Working in Maduro's advantage also is the date of the vote, just three days after the anniversary of a 2002 coup that briefly dislodged Chávez from power.
"That event is sort of Chavismo's most important, most symbolic moment because it shows them as heroic and shows the opposition as anti-democratic," said David Smilde, a senior fellow at the Washington Office on Latin America think tank who has closely studied Venezuela. "The symbolism is really perfect."
Capriles, for his part, has barely had time to rest after losing a hard-fought race to Chávez in October, when he received 45 percent of the vote, and then campaigning in December for re-election as governor of Miranda state. He hasn't let up this month, traveling from city to city and even inviting reporters to join him in a traditional Nazarene procession in the Caracas slum of Petare.
At passionate rallies that take on the feel of rock concerts, Capriles has shouted that "Maduro is not Chávez" while calling attention to Venezuela's high crime rate, its overvalued currency, its overreliance on food imports and its 22 percent inflation rate, the highest in Latin America. He's also tried to assure Chávez supporters that he will not touch their many social programs.
Yet the 40-year-old candidate is short of funding, time and, maybe, votes. A recent survey by the independent polling firm Datanalisis showed Capriles trailed Maduro 49 percent to 35 percent in a sampling of 800 voters from March 11-13. The poll had a margin of error of 3.4 percentage points.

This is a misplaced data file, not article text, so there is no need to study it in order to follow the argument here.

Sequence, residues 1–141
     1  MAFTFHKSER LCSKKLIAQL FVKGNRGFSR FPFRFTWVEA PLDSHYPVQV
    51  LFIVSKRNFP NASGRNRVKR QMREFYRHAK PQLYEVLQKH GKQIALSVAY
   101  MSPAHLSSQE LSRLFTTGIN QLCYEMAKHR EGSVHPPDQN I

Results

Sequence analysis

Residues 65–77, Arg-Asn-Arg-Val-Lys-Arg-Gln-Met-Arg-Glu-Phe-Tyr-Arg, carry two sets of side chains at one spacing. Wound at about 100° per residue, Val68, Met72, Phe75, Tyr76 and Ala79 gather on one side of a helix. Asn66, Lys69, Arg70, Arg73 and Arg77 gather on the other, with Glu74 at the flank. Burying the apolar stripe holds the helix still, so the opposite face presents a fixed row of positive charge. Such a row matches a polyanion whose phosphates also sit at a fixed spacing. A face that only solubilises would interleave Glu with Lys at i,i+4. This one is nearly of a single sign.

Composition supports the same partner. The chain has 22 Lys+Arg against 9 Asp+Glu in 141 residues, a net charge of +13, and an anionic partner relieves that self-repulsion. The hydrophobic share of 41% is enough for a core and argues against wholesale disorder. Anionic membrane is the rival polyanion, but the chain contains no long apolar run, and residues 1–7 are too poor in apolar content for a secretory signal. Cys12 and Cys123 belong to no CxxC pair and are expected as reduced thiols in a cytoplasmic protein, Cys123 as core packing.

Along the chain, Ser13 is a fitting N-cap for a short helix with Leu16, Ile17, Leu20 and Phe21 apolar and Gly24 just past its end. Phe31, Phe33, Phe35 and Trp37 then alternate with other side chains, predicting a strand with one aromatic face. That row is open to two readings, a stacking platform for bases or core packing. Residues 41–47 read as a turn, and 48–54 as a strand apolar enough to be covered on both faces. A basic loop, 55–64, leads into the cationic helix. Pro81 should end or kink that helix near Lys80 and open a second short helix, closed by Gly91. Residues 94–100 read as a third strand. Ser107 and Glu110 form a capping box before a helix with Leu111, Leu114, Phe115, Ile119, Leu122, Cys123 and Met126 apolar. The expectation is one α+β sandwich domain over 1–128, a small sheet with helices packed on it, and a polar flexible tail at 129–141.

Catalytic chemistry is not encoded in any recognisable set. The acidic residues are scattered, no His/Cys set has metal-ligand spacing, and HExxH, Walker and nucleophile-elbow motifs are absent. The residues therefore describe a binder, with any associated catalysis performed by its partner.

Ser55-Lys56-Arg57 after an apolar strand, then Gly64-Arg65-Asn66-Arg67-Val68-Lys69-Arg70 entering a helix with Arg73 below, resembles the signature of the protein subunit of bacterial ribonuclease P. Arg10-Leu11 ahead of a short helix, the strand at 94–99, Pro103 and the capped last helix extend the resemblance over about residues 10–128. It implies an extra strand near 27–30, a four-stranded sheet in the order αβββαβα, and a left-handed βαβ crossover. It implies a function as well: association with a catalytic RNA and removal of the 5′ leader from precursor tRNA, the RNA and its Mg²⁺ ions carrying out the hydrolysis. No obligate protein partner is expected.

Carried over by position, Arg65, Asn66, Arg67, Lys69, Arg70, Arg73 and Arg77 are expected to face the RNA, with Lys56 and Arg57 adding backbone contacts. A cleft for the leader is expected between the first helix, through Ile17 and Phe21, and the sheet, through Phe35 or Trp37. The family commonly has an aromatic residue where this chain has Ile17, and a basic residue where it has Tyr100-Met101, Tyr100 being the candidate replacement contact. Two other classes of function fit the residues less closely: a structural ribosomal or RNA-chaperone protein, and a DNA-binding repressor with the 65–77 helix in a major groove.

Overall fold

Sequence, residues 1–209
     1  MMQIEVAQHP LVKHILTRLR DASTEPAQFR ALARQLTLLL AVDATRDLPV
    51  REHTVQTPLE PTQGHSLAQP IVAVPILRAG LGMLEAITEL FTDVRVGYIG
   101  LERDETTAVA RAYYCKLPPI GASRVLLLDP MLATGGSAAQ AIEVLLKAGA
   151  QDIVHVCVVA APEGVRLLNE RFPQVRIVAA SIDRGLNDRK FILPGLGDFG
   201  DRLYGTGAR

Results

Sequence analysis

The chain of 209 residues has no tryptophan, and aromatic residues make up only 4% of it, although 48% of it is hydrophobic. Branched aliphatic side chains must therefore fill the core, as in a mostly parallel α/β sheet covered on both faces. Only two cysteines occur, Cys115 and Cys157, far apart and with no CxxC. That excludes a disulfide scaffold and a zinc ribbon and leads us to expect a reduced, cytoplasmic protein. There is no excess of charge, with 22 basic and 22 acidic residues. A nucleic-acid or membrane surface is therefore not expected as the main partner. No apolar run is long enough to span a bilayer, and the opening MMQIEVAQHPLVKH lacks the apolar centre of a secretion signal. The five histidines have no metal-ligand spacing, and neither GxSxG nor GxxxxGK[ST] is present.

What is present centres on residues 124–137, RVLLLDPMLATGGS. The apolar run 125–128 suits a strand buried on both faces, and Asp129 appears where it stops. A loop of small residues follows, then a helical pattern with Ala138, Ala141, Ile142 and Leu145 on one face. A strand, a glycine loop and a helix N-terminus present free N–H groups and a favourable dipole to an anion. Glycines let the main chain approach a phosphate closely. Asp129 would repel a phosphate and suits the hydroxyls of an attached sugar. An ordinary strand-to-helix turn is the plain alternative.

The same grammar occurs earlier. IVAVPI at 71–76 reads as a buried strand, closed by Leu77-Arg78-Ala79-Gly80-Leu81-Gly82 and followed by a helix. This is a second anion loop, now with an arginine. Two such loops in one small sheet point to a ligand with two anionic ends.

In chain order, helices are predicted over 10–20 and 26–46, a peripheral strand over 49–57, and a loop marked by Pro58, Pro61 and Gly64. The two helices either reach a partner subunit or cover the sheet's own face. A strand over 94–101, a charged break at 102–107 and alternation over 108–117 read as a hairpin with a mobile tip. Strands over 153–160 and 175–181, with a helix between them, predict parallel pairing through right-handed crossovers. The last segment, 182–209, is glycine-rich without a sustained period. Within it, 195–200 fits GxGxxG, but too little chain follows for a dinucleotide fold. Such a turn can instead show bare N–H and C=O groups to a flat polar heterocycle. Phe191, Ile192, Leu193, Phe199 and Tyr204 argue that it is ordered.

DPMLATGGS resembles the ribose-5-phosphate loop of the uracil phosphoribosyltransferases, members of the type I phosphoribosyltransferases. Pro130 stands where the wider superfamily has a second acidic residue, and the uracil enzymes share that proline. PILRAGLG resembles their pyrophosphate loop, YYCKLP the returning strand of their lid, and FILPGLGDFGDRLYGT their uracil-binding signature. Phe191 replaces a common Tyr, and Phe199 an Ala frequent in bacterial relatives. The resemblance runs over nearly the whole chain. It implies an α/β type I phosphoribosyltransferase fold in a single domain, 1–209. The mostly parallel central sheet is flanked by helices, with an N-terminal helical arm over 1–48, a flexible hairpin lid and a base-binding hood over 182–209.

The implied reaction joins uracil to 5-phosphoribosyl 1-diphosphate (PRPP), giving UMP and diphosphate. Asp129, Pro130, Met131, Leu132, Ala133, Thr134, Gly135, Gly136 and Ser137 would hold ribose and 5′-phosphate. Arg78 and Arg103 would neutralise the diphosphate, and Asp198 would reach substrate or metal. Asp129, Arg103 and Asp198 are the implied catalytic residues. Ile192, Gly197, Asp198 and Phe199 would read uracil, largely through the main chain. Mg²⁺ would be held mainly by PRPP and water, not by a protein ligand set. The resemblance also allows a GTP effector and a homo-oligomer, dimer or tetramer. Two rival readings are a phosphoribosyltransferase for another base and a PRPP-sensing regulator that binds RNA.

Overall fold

That may explain why the opposition candidate has shed last fall's turn-the-cheek approach for a more confrontational style. He's accused Maduro of shamelessly capitalizing on Chávez's legacy and ridiculed his opponent, a tall and physically imposing former union leader, as an "oaf" incapable of fixing the country.
Mariana Bacalao, a political analyst at the Central University of Venezuela, said the abbreviated campaign has pushed both candidates to turn up the rhetoric for maximum effect with each appearance.
"Capriles has to make a quick impression," Bacalao said
Capriles also has to strike the delicate balance of attacking Chávez's record — but not Chávez.
The Datanalisis poll found that 79 percent of Venezuelans had a positive image of Chávez, while only 55 percent thought positively of Maduro. At the same time, 56 percent had a positive image of the country's situation, but only 47 percent felt the same about the economy.
Campaign adviser Oswaldo Ramírez acknowledged that Capriles must "confront those responsible for public policy and those responsible for 14 years of bad management without touching Hugo Chávez with so much as a feather."
"Hugo Chávez is now the opposition's sword of Damocles. You cannot attack him," Ramirez said.
He conceded that Capriles will have difficulty reaching the millions of Venezuelans who now believe it's the government's responsibility to provide their basic needs — and who are fed a steady diet of Maduro's broadsides on state-controlled media.
Izarra said Capriles' strategy will backfire.
"Capriles is disrespecting the people. They are accusing him of being disrespectful, and he made a big mistake with that," Izarra said. "People are very sensitive to what you say about Chávez now. People are looking for sympathy."
Government officials, meanwhile, preach unity — and optimism — at least for their side of this country's gaping political divide, which appears to have grown wider with the populist leader's death, said Information Minister Ernesto Villegas.
"It turns out the Chávez movement without Chávez is even more Chavista," Villegas said.